Ahora entiendo porque Steve Levy estaba criando una distancia contra la asignación de Marcello Lucero y la expresión racista contra inmigrantes en Long Island. Se parece que Levy ha defendió la percepción que nuevo inmigrantes son la causa de todo los problemas en el EEUU.
No me sorprende que este tipo de racismo existe in la área de Nueva York. En todos mi años en NY yo solo me sentí seguro como Ecuatoriano cuando estaba en la compañía de otros raíces de color. Afuera de esos instantes, siempre he sentido que mi etnicidad ha sido una curiosidad (¿Eres Boricua? ¿Eres Cubano?) o abajo ataque (¿De verdad que eres Latino?). Y eso es con la ventaja que conoce el ingles, que tengo apoyo de mi familia y comunidad, soy educado en ingles, y que he vivido en los EEUU casi todo mi vida. Con todo eso, nunca sentí completamente seguro.
Steve Levy, en sus comentarios del pasado, nunca ayudo los residentes hispano de Suffolk sentir seguro. Y ahora ese ambiente peligroso, ha resultado en la tragedia de Marcello Lucero. La noticia dice que Joselo Lucero, el hermano de Marcello, ha pedido que Levy no asiste las vigilias para su hermano. Bien hecho. Ahora, la comunidad tiene que seguir el ejemplo de Joselo y comenzar reportando los crímenes de racismo para que Levy puede ver la realidad y consecuencia de sus acciones.
After an Ecuadorean immigrant was stabbed to death, apparently by a group of teens looking to “f— up” Hispanics, in Patchogue, Suffolk County Executive Steve Levy denounced the crime but later claimed it was a “one-day story,” suggesting it was getting media attention because of his immigration policies.
Now Levy tells Newsday, “It was absolutely the wrong time for me to suggest that coverage of events in Suffolk is treated differently by the media. The horrible incident is indeed more than a one-day story. It was a reminder of how far we as a society still have to go.”
About Levy’s immigration policies: The NY Times has an editorial about Levy, “Local lawmakers often complain about immigration, but Mr. Levy went much farther than most. He founded a national organization to lobby for crackdowns… He tried to deputize county police to make immigration arrests and to rid the county work force of employees without papers. He sought to drive day laborers from local streets, yet rigidly opposed efforts to create hiring sites… He denounces racist hatred, yet his words have made him a hero in pockets of Long Island where veins of racism run deep.”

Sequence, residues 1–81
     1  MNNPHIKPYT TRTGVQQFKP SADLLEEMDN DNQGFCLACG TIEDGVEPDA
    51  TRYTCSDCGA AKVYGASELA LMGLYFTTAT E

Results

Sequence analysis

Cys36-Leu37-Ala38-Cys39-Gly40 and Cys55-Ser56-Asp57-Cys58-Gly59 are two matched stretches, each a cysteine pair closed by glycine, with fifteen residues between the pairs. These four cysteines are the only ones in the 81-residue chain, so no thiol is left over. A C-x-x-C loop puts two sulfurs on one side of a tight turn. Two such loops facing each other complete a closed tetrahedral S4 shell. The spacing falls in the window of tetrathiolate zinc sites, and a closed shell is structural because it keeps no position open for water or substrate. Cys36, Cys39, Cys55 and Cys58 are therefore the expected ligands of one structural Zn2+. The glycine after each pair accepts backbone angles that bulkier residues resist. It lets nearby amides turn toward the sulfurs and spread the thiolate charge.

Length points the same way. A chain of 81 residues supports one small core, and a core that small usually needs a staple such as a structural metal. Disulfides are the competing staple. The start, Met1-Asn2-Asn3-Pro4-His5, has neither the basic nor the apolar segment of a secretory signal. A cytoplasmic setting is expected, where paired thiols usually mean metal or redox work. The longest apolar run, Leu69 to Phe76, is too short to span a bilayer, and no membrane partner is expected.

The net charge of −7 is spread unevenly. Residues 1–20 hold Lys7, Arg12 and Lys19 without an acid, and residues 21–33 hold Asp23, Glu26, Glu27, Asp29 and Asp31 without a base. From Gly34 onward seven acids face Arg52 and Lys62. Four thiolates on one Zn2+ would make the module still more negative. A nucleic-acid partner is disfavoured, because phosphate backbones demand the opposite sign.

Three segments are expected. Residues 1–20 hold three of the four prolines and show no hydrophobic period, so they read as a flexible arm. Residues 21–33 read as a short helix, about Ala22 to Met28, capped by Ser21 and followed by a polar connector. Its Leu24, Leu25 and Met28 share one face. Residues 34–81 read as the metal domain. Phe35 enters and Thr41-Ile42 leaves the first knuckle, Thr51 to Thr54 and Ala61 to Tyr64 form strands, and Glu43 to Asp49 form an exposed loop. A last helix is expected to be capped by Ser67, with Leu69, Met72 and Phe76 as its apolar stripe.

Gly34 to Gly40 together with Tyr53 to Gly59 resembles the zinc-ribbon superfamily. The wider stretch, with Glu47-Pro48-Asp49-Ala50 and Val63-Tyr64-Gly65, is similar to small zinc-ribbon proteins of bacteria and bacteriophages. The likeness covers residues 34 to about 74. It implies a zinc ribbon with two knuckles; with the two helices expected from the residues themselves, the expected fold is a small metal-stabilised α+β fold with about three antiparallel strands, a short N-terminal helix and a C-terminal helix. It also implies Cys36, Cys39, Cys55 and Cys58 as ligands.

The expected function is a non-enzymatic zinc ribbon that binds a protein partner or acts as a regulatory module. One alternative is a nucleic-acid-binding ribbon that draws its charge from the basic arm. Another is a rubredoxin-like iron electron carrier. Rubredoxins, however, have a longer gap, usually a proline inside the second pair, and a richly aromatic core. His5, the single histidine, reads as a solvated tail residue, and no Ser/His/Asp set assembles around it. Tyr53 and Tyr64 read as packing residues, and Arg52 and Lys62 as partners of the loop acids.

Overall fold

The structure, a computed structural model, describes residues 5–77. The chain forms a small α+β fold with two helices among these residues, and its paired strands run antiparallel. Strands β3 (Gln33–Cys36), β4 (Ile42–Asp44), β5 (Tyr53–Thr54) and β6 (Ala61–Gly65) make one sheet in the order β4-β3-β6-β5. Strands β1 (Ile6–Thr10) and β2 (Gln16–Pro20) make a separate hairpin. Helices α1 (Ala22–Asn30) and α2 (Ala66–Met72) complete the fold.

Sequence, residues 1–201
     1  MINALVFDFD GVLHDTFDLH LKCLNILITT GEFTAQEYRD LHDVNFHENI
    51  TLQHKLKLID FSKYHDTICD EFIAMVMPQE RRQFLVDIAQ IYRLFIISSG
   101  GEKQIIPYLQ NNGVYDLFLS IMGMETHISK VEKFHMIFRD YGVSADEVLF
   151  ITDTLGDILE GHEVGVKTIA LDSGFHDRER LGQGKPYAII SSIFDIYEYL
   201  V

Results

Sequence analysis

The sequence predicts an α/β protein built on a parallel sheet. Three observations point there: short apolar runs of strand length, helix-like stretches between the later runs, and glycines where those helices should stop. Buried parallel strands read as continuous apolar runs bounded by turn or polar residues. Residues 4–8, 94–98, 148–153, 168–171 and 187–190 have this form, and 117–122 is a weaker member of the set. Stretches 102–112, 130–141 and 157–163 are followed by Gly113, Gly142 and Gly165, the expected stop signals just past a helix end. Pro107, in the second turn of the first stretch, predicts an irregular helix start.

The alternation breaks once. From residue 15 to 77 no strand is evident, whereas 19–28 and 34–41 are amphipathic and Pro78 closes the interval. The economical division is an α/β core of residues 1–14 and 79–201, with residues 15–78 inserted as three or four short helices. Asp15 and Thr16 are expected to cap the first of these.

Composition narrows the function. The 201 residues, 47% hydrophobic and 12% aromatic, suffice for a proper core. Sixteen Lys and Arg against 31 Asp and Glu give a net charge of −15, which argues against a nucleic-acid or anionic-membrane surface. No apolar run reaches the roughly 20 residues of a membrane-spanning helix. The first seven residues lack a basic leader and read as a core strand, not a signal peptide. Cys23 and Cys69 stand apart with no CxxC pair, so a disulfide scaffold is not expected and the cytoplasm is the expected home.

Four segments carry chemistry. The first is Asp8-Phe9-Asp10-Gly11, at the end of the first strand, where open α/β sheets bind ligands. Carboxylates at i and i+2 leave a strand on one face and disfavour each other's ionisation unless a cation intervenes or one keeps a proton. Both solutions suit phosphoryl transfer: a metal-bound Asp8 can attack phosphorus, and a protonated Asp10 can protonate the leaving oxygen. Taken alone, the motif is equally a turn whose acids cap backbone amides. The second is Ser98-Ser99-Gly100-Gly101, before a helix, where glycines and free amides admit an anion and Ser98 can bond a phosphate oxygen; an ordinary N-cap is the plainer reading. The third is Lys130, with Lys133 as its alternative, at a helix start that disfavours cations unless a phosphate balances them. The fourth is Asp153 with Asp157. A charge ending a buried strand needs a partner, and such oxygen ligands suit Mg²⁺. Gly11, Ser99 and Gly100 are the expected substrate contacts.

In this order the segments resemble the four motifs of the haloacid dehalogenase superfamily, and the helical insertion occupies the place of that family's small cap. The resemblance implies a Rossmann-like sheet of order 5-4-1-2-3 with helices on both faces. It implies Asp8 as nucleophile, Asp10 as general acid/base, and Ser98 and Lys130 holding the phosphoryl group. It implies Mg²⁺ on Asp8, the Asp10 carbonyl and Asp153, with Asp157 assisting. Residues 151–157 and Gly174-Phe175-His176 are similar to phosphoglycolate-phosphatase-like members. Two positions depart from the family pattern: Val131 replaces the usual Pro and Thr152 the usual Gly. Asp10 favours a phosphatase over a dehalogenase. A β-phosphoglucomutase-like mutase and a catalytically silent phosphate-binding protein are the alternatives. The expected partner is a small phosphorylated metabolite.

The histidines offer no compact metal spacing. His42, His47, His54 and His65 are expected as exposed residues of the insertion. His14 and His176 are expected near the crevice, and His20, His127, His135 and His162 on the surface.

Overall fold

When tragedy strikes, there are always those who look for someone to blame. In Suffolk County, local activists are blaming public officials who have crusaded against illegal immigration to score political points with their constituents.
The anti-immigrant atmosphere was something even the presidential candidates talked about. Earlier this year, Barack Obama pointed to comments by radio and television hosts critical of immigration. “A certain segment has basically been feeding a kind of xenophobia,” he told supporters at a Palm Beach, Florida, fundraiser, tying that sentiment to an increase in hate crimes against Hispanics.
In an interview just before the election, Sen. John McCain told me that there have always been those who stoke fears that American culture and the English language are on their way out.
Meanwhile, Lucero’s mother still can’t believe what happened to her son — or why it happened. She told a reporter that she doesn’t understand the hate. “We are human beings,” she said. Some people seem to have forgotten that fact.
Words have consequences. Steve Levy, the Suffolk County executive, is learning that the hard way during a horrible week. Seven teenagers were arrested and charged in the fatal stabbing last Saturday of Marcello Lucero, an Ecuadorean immigrant, on a street in the Long Island village of Patchogue.
The apparent lynching caused shock and anger across the country. Politicians, religious leaders and villagers gathered Wednesday in Patchogue to console the victim’s relatives and to condemn racial hatred. Mr. Lucero’s brother, Joselo, spoke movingly in English and Spanish of how strangers’ words of support had made him feel like part of a larger family.
Mr. Levy was not there. He later called Joselo Lucero, who asked him to please stay away from public remembrances.
Mr. Levy’s past harsh words and actions against undocumented workers have now left him cornered with a tragically limited ability to lead the county in confronting a brutal act that surely pains him as much as anyone.
Local lawmakers often complain about immigration, but Mr. Levy went much farther than most. He founded a national organization to lobby for crackdowns. He went on “Lou Dobbs.” He tried to deputize county police to make immigration arrests and to rid the county work force of employees without papers. He sought to drive day laborers from local streets, yet rigidly opposed efforts to create hiring sites. Even as tensions simmered in places like Farmingville, a hot spot for anti-immigrant resentment, Mr. Levy would not budge.
Holding candles and waving signs proclaiming “we are all immigrants,” more than 1,000 people jammed a Patchogue street Friday night to honor an Ecuadorean man killed there six days earlier.
As speakers decried the stabbing of Marcelo Lucero, 38, many in the crowd talked about what they called entrenched racism on Long Island – especially Suffolk.
Wearing buttons with Marcelo’s name, immigrants from Central and South America who are usually in the shadows poured onto Railroad Avenue to hug each other and let loose frustration and anger. The immigrants said Long Islanders are eager for low-wage landscapers and dishwashers but complain about the cost of services for them.
The crowd also included whites and ranged from babies to grandparents, standing shoulder to shoulder and chanting “no more hate.”